Advice and Opinion

Monthly levies contribute to a sectional title’s longevity

Within a sectional title ownership scheme, every owner is required to pay a monthly contribution to the body corporate known as the levy, which essentially funds the day-to-day maintenance and management of the sectional title development. These funds are a vital component for the effective and efficient running of the scheme and provide the necessary financial support for the upkeep and longevity of the development.

This is according to Carl Smit, Managing Director of Sandak-Lewin Property Trust, who says that each sectional title unit owner is essentially investing in the scheme through monthly financial contributions and it is therefore important that owners understand the value and purpose of these contributions. Smit adds that trustees also have the authority to raise special levies if needed, so the understanding of special levies is essential too. Furthermore he says that although the owner is responsible for paying the funds, the body corporate or managing agent is responsible for the collection from all owners or members in the scheme.

Smit says that the most common question asked about levies is ‘what do levies cover?’“Firstly, levies cover all costs which relate to the common area of the scheme. This includes maintenance and repairs for existing recreational facilities including public pools, club houses, parks and gardens, and the structural property of common areas such as walls and passage ways. The funds collected are also used to cover administrative costs (management fees, bank charges and stationery), municipal costs (water, electricity, refuse collection and sewage) and insurance for the entire property, but not for the contents of each unit.”

He says that these contributions may vary depending on the features of the scheme. For example, additional costs may be added to the levy for upkeep of lifts or for security purposes.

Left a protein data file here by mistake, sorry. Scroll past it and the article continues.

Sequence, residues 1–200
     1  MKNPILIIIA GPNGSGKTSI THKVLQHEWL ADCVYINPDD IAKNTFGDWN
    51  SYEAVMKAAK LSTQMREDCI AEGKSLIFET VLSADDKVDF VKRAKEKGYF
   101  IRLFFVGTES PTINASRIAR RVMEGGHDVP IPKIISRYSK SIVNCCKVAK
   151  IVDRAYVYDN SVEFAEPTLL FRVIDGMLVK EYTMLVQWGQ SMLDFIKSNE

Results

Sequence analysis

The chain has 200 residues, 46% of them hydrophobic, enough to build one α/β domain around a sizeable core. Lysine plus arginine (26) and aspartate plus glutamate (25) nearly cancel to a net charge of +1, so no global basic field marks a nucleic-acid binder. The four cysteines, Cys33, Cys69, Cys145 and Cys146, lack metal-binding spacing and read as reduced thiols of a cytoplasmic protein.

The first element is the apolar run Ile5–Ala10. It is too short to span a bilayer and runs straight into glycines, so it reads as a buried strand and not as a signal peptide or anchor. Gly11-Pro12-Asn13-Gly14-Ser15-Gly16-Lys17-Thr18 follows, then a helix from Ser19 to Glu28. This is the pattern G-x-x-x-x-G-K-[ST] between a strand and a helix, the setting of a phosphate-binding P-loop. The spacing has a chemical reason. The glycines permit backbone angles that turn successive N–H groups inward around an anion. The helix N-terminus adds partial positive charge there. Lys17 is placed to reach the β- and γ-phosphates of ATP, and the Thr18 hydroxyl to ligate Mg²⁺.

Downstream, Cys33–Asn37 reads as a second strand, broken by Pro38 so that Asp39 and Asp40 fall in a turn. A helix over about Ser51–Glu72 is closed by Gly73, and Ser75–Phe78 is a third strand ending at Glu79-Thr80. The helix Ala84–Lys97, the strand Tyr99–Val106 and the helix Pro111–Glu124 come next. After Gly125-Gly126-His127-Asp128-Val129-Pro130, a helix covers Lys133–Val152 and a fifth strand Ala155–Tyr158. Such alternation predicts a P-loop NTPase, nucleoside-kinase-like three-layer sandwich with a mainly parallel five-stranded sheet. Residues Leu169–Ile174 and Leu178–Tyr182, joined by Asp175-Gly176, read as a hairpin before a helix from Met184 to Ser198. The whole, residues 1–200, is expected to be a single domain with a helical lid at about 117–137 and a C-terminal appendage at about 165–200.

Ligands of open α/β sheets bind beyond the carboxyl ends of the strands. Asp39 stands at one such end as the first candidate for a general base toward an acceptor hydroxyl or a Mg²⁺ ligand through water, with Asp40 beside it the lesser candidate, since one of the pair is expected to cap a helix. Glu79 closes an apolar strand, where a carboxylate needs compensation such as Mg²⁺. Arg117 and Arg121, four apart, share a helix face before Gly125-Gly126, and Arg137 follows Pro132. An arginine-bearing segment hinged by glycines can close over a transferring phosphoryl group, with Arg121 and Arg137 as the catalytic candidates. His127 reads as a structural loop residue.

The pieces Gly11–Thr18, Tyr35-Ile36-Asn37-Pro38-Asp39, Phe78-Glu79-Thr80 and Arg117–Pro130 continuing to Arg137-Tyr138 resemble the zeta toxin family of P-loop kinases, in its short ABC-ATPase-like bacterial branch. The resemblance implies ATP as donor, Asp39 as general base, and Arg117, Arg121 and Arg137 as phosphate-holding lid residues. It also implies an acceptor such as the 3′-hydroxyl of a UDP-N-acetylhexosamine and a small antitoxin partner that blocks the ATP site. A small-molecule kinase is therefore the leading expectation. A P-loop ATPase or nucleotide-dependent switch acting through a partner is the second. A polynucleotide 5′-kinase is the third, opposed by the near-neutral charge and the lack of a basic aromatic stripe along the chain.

“On the other hand, levies do not cover any maintenance which fall within the area of an owner’s individual unit. For example, if a unit has a damaged wall inside the unit or a leaking pipe, it is the owner’s responsibly to resolve the problem. Each owner is responsible for all necessary maintenance within their own unit.”

Smit explains that the levy of a section/unit is determined on what is termed a ‘participation quota’, which is dependent on the size of the section. “The participation quota can be found on the sectional title plans which each scheme’s body corporate holds. The general formula to calculate the cost of a levy is based on a percentage of the total cost for the entire scheme, divided by the number of units on the property. For example, if the sectional title scheme has 10 units and each owner contributes 10% of the total monthly costs of the scheme which is R1 000.00, then each unit is responsible to pay R100″

“However, there are also ‘exclusive-use levies’ which are determined in terms of the cost associated with the exclusive-use area, for example a private garden. The extra cost for these areas would arise from watering the garden or perhaps the maintenance of private lawn which is mowed by a garden service employed by the body corporate.”

He says that the trustees also have the right to raise ‘special levies’, which are the funds needed to cover an unforeseen expense and have not been budgeted for in the Annual General Meeting (AGM). “In order to finance these particular costs, the trustees of the scheme require owners to pay towards special levies. Special levies can also be raised for improvements which need to be made to the common property and have not been budgeted for in the body corporate’s reserves”.

“If the special levy is relating to improvements of the scheme, for example the scheme has no fence around it and the body corporate has security concerns and would now like to erect a fence to control access, they need to follow a process of notifying the owners of what they intend on doing and how they plan on financing it, either in the form of a meeting or a written notification. The notification needs to clearly state that the body corporate intends to raise a special levy.”

Smit explains that as the upkeep and improvement of the scheme is dependent on these additional funds, it is important that owners not default on these payments. “When payment is not made, it puts strain on the cash flow of the body corporate. If default payments continue for too long, the body corporate will not be able to pay staff, managing agents and various other contractors who are employed by the body corporate.”

Should an owner fail to pay towards the levies, the South African Sectional Title Act allows the body corporate to hand the matter over to an attorney who will proceed with action to attach removal of property, whereby the owner’s property could be sold to cover the debt, he concludes.